“– Dad, dad, tell them about the sssssssnitch part. When everyone was on the upper level making all those faces. That part really creeped me out!”

I can say as an adult, this scene tripped me out as well. We’re introduced to the informant within the party and given the characters’ background. Solias, played by Pascal Arquimedes, is a young man who got in trouble and agreed to become an informant. I enjoyed this introspective into the tactics of the federal government. Many young men and women who faced minor charges, would end up being used as clandestine tools of infiltration and disruption. Playing the dual roles of Young Patriot member Marcus and government handler Roger was actor Patrick Noonan. Noonan was a long haired hippy one point and then no nonsense federal agent in the blink of an eye. Effortlessly pulling off the portrayal of two characters at both ends of the revolutionary spectrum.

After an amazing solo by Santiago, our playwrights attempt to finish a conversation that has no ending. They restate a lot of the arguments made throughout the demonstration as the characters try to find resolution in their respective conflicts. One of the more touching scenes was when the door from Fred Hamptons’ murder was presented center stage and each member invoked the names of fallen comrades as they passed through the threshold. William ‘ninja’ Ruiz helped close the show with a passionate rap/spoken word piece and the audience was left hopeful of victory in the fight against the powers that be.

The room was filled with familiar faces of artistic and social revolutionaries. People who have been feeding the smoldering revolution inside of break rooms and creative design meetings. Actors Theater of Louisville extends itself to the revolution by supporting such a historically rich and socially relevant piece of art.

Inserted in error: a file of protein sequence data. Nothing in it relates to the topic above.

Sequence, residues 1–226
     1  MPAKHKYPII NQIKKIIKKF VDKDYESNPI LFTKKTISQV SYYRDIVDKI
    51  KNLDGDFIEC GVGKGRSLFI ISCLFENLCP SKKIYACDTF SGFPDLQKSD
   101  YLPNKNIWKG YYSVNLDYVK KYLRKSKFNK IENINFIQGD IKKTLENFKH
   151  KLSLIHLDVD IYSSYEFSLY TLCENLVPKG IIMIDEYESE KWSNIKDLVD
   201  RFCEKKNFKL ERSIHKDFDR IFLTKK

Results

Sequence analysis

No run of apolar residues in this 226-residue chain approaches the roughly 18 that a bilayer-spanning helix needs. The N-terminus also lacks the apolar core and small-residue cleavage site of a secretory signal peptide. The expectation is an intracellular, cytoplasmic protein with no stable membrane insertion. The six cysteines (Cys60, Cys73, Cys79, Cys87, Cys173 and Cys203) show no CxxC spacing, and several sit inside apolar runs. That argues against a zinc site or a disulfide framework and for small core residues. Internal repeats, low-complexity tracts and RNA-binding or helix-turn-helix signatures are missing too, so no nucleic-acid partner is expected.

I was thankful to share the experience with my daughter. Her generation will succeed where my and my fathers’ generations failed and it will be experiences like these on which she’ll recall for support. Party People was a cautionary tale often used by the great griots of ole, to remind the future of past mistakes while offering solutions and examples for present efforts. You can’t spell ‘revolution’ or ‘evolution’ without l-o-v-e and take this from a guy affectionately called, “Mr. SpreadLove”; Party People spreads the love of liberation and everyone should be running to the box office to get their dosage. I’m not sure if the founding martyrs of freedom struggles were into musicals, but I know that productions like this keep conversations, memories, and stories alive. They inspire future generations to work towards a common goal. A goal that gives ALL POWER to ALL PEOPLE. I’ll let my daughter have the last word…

“–What?! I don’t know what to say… What did you say at the beginning? I liked that. Oh yeah, ehem, ‘You can make people be quiet in a theater full of revolutionaries but you can’t shush the revolution.’ haha Is that what you said?”

Sure love… that’s close enough.

Party People

April 5th -16th 2023

Actors Theatre of Louisville
316 West Main Street
Louisville, Kentucky 40202

Lance G. Newman II is the founding director of SpreadLovEnterprise and executive director of the non-profit YoungPoets of Louisville. He has an artistic practice that is varied, multifaceted and interdisciplinary. Twenty years of poetry writing and performing; Ten years of theater, playwriting and acting; five years of visual artistry; and several published articles. These various forms of expression have all contributed to an artist that is truly a “jack of all trades and master of none, but better than the master of one.” Warmly known as ‘Mr. SpreadLove,’ he seeks to affect the world in a positive way.